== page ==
In any case, what is most striking about this is how out of step with global practice Australia is; most other OECD countries have an enforceable fuel efficiency target of one kind or another. As Evan Beaver pointed out on Twitter, it was mostly another aspect of the multitude of small-beer decisions taken to protect the Australian car industry. Since the demise of Corolla production, Australia’s domestic producers have exclusively churned out large vehicles, mostly with large, not particularly sophisticated petrol engines. When combined with Australia’s low levels of fuel taxation, this further encouraged Australians to indulge their long-standing penchant for large, powerful and thirsty vehicles. The consequence of this is one of the most fuel-inefficient light vehicle fleets in the world, matched only by the USA with its love for Ford F-150s and Chevy Suburbans.

One of the great things about doing this is that it’s actually a net win for the country even ignoring the social costs of climate change; the extra costs of more fuel efficient technologies in vehicles are more than outweighed by the lifetime value of the fuel savings. As a society, the report estimates that rather than paying costs to avoid carbon emissions, every tonne of carbon emissions avoided through this policy would also result in a net saving of over $350. You might wonder why this policy is actually necessary; the short answer is that both consumers and businesses seem to undervalue emission savings when considering a new vehicle purchase. I’d prefer to fix this with fuel taxes and congestion charging, but if that’s not on the table it’s a reasonable alternative.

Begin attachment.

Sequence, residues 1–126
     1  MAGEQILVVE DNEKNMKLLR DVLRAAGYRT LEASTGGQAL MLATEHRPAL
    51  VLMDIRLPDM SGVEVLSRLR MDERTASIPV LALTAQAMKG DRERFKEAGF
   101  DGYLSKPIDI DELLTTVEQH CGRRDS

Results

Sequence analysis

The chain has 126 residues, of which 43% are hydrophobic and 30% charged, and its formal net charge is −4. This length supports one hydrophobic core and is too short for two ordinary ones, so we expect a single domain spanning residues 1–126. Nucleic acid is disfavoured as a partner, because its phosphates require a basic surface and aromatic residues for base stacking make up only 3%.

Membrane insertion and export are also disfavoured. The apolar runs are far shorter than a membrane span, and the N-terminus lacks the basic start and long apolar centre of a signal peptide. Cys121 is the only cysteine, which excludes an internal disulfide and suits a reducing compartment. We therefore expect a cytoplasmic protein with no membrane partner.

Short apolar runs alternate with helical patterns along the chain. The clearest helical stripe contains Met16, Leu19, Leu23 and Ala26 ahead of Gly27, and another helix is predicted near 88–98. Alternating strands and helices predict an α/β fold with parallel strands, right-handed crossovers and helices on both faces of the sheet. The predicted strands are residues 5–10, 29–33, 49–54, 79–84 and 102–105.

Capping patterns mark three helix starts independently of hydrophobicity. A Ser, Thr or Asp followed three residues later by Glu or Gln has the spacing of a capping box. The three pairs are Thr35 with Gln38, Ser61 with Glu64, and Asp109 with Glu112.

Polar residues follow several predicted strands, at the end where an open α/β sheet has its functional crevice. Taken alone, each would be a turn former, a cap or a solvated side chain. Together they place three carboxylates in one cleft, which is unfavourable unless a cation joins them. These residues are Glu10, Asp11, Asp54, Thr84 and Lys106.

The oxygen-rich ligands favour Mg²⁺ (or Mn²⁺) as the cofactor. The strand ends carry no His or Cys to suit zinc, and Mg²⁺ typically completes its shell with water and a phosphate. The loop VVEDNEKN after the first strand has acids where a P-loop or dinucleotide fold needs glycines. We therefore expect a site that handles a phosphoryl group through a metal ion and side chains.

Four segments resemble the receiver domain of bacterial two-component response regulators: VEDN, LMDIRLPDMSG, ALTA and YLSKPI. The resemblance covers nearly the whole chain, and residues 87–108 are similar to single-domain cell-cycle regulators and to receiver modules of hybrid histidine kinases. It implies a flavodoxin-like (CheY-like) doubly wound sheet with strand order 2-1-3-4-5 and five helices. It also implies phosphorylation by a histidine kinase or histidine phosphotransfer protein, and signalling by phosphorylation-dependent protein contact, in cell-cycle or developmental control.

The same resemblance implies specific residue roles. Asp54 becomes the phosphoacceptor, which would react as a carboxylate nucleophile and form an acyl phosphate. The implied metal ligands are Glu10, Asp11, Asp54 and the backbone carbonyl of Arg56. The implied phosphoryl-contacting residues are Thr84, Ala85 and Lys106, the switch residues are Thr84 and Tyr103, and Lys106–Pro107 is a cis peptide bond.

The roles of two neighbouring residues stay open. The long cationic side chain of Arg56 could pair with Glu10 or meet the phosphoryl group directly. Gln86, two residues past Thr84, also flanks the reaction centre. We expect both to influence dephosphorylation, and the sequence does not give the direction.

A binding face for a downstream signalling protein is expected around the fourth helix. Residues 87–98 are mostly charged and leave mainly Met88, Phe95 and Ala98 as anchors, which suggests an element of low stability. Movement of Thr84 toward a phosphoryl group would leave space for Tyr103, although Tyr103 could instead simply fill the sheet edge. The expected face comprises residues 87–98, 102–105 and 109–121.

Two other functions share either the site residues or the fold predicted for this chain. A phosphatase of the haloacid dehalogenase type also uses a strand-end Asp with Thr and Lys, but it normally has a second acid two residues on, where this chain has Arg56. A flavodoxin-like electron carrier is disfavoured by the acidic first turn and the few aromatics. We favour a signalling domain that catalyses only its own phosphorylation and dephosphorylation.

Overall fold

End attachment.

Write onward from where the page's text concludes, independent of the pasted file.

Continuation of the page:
Even within a model range, the savings by simply changing the mix of drivetrain variants available are substantial. The Climate Change Authority compared the fuel efficiency of models available in both the UK and Australia, and found that, on average, the most efficient models available in Australia emit 20% more emissions than the most efficient models available in the UK. That probably overstates the difference between the typical models sold in Oz and Blighty, as many of the economy specials sold are heavily compromised to the point of impracticality and sell in tiny numbers. But even if you assume a 5% difference in the economy of your average Pommy Toyota Corolla and the Australian equivalent, that adds up to a lot of money.

Based on the data in the report and my assumption that Australian fuel usage is 5% higher than it might otherwise be purely because of the engine variant choices within a model range due to the lack of fuel economy targets, this results in Australian consumers and businesses burning about 1.2 billion litres more petrol than they otherwise might. At the current fuel price, that’s 1.8 billion dollars a year, every year, wasted, in that long and ultimately futile attempt to keep the Australian car industry alive.

The demise of the Australian car manufacturing industry represents an opportunity to fix a number of boneheaded transport policies. It would be nice if this anomaly was one of them.